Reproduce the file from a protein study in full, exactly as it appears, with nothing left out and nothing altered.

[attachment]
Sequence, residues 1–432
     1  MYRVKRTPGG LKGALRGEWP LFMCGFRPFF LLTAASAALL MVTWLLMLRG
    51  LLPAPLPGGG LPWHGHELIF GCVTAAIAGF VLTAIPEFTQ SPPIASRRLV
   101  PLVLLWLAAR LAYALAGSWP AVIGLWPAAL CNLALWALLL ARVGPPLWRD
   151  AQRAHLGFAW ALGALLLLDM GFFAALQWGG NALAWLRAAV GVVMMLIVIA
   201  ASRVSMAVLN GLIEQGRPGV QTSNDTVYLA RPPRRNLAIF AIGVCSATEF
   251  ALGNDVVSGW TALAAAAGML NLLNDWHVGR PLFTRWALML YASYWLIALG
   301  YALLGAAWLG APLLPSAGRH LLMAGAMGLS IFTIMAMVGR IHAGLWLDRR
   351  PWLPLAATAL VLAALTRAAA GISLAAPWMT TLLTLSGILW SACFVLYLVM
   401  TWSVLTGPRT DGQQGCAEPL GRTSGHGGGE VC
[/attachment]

Sequence, residues 1–432
     1  MYRVKRTPGG LKGALRGEWP LFMCGFRPFF LLTAASAALL MVTWLLMLRG
    51  LLPAPLPGGG LPWHGHELIF GCVTAAIAGF VLTAIPEFTQ SPPIASRRLV
   101  PLVLLWLAAR LAYALAGSWP AVIGLWPAAL CNLALWALLL ARVGPPLWRD
   151  AQRAHLGFAW ALGALLLLDM GFFAALQWGG NALAWLRAAV GVVMMLIVIA
   201  ASRVSMAVLN GLIEQGRPGV QTSNDTVYLA RPPRRNLAIF AIGVCSATEF
   251  ALGNDVVSGW TALAAAAGML NLLNDWHVGR PLFTRWALML YASYWLIALG
   301  YALLGAAWLG APLLPSAGRH LLMAGAMGLS IFTIMAMVGR IHAGLWLDRR
   351  PWLPLAATAL VLAALTRAAA GISLAAPWMT TLLTLSGILW SACFVLYLVM
   401  TWSVLTGPRT DGQQGCAEPL GRTSGHGGGE VC